Hypoxia-induced proteasomal degradation of DBC1 by SIAH2 in breast cancer progression

  1. Qiangqiang Liu
  2. Qian Luo
  3. Jianyu Feng
  4. Yanping Zhao
  5. Biao Ma
  6. Hongcheng Cheng
  7. Tian Zhao
  8. Hong Lei
  9. Chenglong Mu
  10. Linbo Chen
  11. Yuanyuan Meng
  12. Jiaojiao Zhang
  13. Yijia Long
  14. Jingyi Su
  15. Guo Chen
  16. Yanjun Li
  17. Gang Hu
  18. Xudong Liao
  19. Quan Chen
  20. Yushan Zhu  Is a corresponding author
  1. State Key Laboratory of Medicinal Chemical Biology, Frontiers Science Center for Cell Responses, Tianjin Key Laboratory of Protein Science, College of Life Sciences, Haihe Laboratory of Cell Ecosystem, Nankai University, China
  2. School of Statistics and Data Science, LPMC and KLMDASR, Nankai University, China

Abstract

DBC1 has been characterized as a key regulator of physiological and pathophysiological activities, such as DNA damage, senescence, and tumorigenesis. However, the mechanism by which the functional stability of DBC1 is regulated has yet to be elucidated. Here, we report that the ubiquitination-mediated degradation of DBC1 is regulated by the E3 ubiquitin ligase SIAH2 and deubiquitinase OTUD5 under hypoxic stress. Mechanistically, hypoxia promoted DBC1 to interact with SIAH2 but not OTUD5, resulting in the ubiquitination and subsequent degradation of DBC1 through the ubiquitin–proteasome pathway. SIAH2 knockout inhibited tumor cell proliferation and migration, which could be rescued by double knockout of SIAH2/CCAR2. Human tissue microarray analysis further revealed that the SIAH2/DBC1 axis was responsible for tumor progression under hypoxic stress. These findings define a key role of the hypoxia-mediated SIAH2-DBC1 pathway in the progression of human breast cancer and provide novel insights into the metastatic mechanism of breast cancer.

Editor's evaluation

This is a study with relatively convincing data on examining the dynamic regulation of hypoxia regulating SIAH2/OTUD5 interaction with DBC1 by regulating DBC1 stability. Therefore, DBC1, by regulating p53 signaling, would affect breast cancer phenotype in vivo.

https://doi.org/10.7554/eLife.81247.sa0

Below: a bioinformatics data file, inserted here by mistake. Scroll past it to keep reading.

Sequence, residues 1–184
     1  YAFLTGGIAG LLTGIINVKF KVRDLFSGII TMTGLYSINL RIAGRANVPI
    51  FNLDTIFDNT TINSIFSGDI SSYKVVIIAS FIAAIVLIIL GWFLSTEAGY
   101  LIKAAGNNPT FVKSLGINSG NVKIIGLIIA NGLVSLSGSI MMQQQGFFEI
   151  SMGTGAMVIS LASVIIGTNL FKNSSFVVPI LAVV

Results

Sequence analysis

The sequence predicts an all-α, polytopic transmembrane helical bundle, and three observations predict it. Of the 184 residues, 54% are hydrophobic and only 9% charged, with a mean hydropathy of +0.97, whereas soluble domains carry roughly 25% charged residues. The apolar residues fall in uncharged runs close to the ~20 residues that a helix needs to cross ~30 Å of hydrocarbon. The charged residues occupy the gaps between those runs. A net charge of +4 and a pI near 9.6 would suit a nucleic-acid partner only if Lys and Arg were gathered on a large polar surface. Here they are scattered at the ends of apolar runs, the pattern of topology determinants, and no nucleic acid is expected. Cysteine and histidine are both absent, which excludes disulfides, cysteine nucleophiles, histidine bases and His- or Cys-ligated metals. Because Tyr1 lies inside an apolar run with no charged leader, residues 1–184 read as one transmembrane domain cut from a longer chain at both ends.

Introduction

The occurrence and development of tumors are modulated by the dual regulation of genetic instability and the tumor microenvironment (Singleton et al., 2021). Hypoxic stress or low oxygen tension, a major hallmark of the tumor microenvironment, plays an essential role in the progression and metastasis of many solid tumors (Cheng et al., 2020; Lee et al., 2019). Moreover, our previous studies have documented that hypoxic stress attenuates tumorigenesis and progression by modulating the Hippo signaling pathway and mitochondrial biogenesis (Ma et al., 2015; Ma et al., 2019). To extensively understand the critical roles of hypoxic stress in tumorigenesis or tumor development, more precise mechanisms need to be further explored.

Deleted in breast cancer 1 (DBC1; also known as CCAR2) is a nuclear protein containing multifunctional domains and plays a critical role in a variety of cancers. Importantly, DBC1 cooperates with lots of epigenetic and transcriptional factors to regulate cell activities. DBC1 mediates p53 function not only by inhibiting the deacetylase activity of SIRT1, but also by inhibition of p53 ubiquitination and degradation (Qin et al., 2015; Akande et al., 2019; Kim et al., 2008; Zhao et al., 2008). In addition, DBC1 can specifically inhibit deacetylase HDAC3 activity and alter its subcellular distribution, resulting in cell senescence (Chini et al., 2010). Most importantly, mice with a genetic deletion of CCAR2 exhibited more likely to spontaneously develop lung tumors, liver tumors, lymphomas, and teratomas and showed poor overall survival (Qin et al., 2015). Recently, the downregulation of DBC1 highly correlates with poor prognosis and distant metastatic relapse in breast, colon, and prostate cancer patients, and low levels of DBC1 determine tumor grade and metastasis (Won et al., 2015; Noguchi et al., 2014; Yu et al., 2013). Accumulating evidence has shown that DBC1 activity and quality of control play key roles in tumorigenicity, while the mechanisms by which DBC1 stability is regulated remain elusive.

Protein ubiquitination is one of the most-studied post-translational modifications and is critical and essential for protein stability, activity, localization, and biological function. Here, we delineated that the ubiquitination and stability of DBC1 were orchestrated by the E3 ubiquitin ligase SIAH2 and deubiquitinase OTUD5 under normoxic or hypoxic stress. Mechanistically, hypoxic stress promoted the interaction between DBC1 and SIAH2 and enhanced the disassociation of DBC1 from OTUD5, resulting in an increase in DBC1 ubiquitination and degradation, contributing to tumor cell proliferation and migration. Human tissue microarray analysis further revealed that the SIAH2/DBC1 axis was responsible for regulating tumor progression under hypoxic stress. Our findings provide novel insights into the metastatic mechanism of breast cancer and a promising therapeutic target for breast cancer.

Results

Hypoxic stress triggers the degradation of DBC1